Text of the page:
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Cyprus Pledges to Probe Russia Sanction-Busting Allegations

Limassol, Cyprus Sergiy Galyonkin / Flickr (CC BY 2.0)

Cyprus vowed Tuesday to investigate new allegations by a group of international journalists that it was a hub for Russian money-laundering enabling oligarchs to bypass sanctions.

According to an investigation by the International Consortium of Investigative Journalists (ICIJ) and 67 media partners, the east Mediterranean island "plays an even bigger role than was commonly known in moving dirty money for Russian President Vladimir Putin and other brutal dictators."

Collected documents "offer a penetrating look inside the rogue financial system that has helped empower some of the West's most determined foes," said the probe, titled Cyprus Confidential.

Leaked internal records, dating from the mid-1990s to April 2022, include confidential background checks, organizational charts, financial statements, bank account applications and email messages, ICIJ said Tuesday.

Following the ICIJ publication, President Nikos Christodoulides told reporters Tuesday: "Everything that has come to light will be investigated, and no one is above our country's reputation."

"All the information that has come to light will be investigated within a specified timeframe... The reputation of our country, the credibility of our country, you understand, is crucial," he added.

It is not the first time European Union member Cyprus has been labeled a safe haven for the illicit gains of Russian oligarchs.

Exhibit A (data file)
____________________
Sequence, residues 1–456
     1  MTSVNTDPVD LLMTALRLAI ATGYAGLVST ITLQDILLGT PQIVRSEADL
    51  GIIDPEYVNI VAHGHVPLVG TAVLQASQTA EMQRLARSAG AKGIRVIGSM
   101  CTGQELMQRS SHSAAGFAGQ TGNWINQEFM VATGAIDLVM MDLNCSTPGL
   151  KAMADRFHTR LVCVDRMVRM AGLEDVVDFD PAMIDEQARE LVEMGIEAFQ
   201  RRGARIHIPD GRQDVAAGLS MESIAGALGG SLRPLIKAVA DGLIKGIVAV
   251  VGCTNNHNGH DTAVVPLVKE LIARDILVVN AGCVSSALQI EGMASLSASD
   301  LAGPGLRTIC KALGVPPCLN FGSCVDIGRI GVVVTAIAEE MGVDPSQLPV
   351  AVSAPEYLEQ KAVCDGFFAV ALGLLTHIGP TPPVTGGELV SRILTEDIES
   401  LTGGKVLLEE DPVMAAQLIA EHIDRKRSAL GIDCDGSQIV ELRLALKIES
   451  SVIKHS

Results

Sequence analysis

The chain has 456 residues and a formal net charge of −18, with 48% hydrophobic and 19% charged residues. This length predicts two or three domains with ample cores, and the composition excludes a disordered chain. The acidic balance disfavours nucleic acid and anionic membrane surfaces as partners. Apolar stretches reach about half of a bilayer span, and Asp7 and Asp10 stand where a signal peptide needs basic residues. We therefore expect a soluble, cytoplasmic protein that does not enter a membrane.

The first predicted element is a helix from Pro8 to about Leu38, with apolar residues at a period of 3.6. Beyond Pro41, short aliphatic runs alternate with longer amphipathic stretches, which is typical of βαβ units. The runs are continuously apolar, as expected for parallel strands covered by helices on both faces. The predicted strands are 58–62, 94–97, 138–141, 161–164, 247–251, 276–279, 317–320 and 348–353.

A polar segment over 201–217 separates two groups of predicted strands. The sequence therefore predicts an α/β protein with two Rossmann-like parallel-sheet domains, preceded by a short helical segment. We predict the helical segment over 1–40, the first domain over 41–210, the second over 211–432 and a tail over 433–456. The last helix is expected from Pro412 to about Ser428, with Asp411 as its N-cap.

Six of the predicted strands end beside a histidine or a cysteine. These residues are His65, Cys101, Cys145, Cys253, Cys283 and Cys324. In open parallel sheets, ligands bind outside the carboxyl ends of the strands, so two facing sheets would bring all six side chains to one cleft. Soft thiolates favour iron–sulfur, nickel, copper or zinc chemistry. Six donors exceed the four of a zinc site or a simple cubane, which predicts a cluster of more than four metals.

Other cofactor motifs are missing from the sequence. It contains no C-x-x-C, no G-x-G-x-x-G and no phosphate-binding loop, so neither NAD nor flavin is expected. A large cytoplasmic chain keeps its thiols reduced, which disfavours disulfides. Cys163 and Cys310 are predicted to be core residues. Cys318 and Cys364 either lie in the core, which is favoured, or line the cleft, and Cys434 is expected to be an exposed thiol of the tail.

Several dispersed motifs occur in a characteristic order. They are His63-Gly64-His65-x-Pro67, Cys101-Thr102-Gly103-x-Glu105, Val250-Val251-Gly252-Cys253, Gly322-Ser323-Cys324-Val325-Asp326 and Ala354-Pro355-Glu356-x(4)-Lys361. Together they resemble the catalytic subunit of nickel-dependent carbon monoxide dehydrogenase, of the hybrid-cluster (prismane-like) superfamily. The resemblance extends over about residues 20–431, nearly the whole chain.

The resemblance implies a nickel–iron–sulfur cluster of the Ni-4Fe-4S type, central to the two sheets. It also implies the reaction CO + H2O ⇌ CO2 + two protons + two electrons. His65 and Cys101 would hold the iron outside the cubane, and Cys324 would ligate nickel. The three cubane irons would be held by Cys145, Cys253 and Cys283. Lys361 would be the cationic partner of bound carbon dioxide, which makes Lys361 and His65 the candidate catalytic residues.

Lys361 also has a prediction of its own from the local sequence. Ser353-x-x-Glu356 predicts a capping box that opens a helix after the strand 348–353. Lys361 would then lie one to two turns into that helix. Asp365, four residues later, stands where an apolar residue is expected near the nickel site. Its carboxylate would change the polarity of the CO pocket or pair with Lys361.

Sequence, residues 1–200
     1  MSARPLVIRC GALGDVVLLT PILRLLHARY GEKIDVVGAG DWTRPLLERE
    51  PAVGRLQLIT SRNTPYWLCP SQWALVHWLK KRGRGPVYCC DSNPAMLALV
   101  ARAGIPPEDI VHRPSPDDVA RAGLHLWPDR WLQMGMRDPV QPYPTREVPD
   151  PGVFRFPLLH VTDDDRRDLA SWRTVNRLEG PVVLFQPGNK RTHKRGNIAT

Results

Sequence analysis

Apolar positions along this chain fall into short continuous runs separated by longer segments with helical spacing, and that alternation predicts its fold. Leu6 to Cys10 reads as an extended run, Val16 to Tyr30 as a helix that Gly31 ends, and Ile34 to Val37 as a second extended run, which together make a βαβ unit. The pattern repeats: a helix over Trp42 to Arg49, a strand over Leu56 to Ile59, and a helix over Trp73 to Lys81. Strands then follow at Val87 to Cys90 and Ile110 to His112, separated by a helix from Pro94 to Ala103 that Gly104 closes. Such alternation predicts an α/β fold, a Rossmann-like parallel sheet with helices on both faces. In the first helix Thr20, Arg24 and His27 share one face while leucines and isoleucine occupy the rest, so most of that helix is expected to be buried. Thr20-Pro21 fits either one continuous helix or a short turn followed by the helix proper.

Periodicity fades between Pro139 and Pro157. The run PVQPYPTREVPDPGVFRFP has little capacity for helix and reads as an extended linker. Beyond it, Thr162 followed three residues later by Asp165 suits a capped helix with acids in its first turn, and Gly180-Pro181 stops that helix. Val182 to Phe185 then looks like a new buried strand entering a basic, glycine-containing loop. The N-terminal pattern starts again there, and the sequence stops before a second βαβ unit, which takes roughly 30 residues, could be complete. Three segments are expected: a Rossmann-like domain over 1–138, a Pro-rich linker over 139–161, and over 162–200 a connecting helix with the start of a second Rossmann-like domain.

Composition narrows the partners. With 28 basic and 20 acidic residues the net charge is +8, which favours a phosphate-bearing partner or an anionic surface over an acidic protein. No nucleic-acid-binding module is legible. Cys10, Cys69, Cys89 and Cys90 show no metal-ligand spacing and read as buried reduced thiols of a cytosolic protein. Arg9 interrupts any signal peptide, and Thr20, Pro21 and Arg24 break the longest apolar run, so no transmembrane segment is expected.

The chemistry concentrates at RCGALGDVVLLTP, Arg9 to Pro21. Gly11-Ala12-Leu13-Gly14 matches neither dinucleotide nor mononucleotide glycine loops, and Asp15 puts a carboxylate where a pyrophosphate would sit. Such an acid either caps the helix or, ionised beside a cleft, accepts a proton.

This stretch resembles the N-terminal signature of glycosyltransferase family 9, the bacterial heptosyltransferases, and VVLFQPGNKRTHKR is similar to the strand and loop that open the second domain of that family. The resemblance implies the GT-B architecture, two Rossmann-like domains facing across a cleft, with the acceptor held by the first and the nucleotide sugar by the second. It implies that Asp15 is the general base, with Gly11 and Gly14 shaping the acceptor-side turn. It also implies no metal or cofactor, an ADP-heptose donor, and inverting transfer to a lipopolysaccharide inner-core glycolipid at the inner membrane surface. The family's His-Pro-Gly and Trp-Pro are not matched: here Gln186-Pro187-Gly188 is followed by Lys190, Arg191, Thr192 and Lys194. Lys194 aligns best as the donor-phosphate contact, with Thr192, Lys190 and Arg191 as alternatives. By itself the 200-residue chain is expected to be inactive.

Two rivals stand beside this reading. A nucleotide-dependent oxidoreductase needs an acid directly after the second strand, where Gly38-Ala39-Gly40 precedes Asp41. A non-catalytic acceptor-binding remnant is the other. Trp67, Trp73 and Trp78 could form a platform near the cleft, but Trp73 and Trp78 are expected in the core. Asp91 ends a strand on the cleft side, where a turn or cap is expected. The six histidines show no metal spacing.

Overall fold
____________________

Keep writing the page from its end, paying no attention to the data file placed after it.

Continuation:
Cyprus has cracked down on those named by the United States and Britain for allegedly helping Russian oligarchs bypass sanctions on Moscow because of the Ukraine war.

The east Mediterranean island is home to a large Russian diaspora. Limassol on the southern coast — often nicknamed "Moscow on the Med" — has long been a magnet for Russian speakers.

The Cypriot government says it has taken stringent action against money laundering and sanctions-busting since Russia invaded Ukraine in February 2022.

But ICIJ said the island's dependence on Russian and other foreign money carried consequences only now being realized.

The probe took eight months and explored Russia's "long-standing hegemony" over Cyprus's deeply intertwined worlds of politics and finance.

The Cyprus Central Bank has said that the authorities have closed 43,000 shell companies and 123,000 "suspicious" bank accounts in recent years.

It added that only 2.2% of all bank deposits on the island currently belong to Russians.

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